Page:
I wrote this little poem, originally in French, over 30 years ago, in 1976. I still read it, now and then, when I feel down or just not quite right. I guess it makes me believe in myself again, in my assertions, in my faith in life.
(The original French version of this poem can be found under the tab Poèmes).
You, who limp in your walk and at every stealth
Who weep your life and lest you dry your tear;
You, in the wind of fate, who succumb in fear,
Who submit to the kings and surrender to death;
You, whose laments inebriate your wounded halo,
And whose woe yearn not for the lore;
You, who implore an elusive new shore,
And who do not fight the cause of your sorrow;
You, whose heart, so sad and melancholic,
Fills your mind of dark and gloomy beliefs;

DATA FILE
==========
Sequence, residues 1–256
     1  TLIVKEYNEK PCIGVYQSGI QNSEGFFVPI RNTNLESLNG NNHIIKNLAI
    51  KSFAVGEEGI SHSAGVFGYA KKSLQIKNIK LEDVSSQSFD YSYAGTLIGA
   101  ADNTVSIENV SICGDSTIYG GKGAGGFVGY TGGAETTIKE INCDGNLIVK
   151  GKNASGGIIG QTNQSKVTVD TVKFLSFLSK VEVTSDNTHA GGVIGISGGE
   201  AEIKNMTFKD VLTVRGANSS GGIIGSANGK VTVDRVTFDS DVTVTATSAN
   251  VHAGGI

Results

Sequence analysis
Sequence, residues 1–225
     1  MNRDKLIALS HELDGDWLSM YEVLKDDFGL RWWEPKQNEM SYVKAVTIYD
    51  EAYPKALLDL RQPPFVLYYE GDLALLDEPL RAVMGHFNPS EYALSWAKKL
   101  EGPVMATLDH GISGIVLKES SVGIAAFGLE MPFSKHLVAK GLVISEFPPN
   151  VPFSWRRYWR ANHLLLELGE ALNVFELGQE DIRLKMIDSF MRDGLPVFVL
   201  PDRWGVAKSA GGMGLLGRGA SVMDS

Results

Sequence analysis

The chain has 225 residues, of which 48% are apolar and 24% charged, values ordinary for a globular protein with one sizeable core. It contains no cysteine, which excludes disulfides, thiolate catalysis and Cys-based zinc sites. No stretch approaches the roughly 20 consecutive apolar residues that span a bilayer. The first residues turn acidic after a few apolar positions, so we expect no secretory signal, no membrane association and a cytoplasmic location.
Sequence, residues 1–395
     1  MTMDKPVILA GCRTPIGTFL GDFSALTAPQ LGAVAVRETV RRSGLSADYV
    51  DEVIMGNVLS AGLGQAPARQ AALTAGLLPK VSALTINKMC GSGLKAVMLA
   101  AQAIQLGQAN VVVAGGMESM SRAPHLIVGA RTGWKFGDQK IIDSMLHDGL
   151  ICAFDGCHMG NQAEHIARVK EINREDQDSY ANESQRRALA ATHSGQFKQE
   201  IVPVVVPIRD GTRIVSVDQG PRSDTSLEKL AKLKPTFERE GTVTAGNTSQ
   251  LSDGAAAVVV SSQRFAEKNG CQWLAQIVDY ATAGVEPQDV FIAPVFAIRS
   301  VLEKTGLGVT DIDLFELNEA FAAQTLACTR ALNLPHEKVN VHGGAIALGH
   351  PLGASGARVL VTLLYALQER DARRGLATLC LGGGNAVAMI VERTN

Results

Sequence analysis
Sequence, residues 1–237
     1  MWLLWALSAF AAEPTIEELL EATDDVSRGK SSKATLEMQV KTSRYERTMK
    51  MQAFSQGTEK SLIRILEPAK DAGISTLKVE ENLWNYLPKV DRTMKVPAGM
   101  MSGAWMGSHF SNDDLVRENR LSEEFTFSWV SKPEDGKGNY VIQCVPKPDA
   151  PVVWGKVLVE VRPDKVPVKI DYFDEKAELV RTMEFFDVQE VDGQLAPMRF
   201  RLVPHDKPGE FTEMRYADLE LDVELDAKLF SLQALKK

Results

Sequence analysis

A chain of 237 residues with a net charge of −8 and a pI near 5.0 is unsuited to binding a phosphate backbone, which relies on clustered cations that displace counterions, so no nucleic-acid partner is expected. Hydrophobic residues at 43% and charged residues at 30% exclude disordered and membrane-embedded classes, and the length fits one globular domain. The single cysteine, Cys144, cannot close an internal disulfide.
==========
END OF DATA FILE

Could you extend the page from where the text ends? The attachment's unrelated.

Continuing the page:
You, who are drunk of anguish and bitter griefs,
And cry in your heart that sorrow music;
You, who bend your spine and howl in your pain,
Who complain about a nought and hush for a whole;
You, who love yourself but thrive in a hole,
Who breathe odium and eschew in vain;
Yes, you who endure at the bottom of your heart
The winds of a storm that leads you to death,
Come console in my heart, and share in my wealth;
For you I saved a weal, let us not part.
Together we will walk in peace and serene;
You shall see the rose and the flight of the dove;
And, if you want, united by a common love,
Together we shall trek to heaven pristine.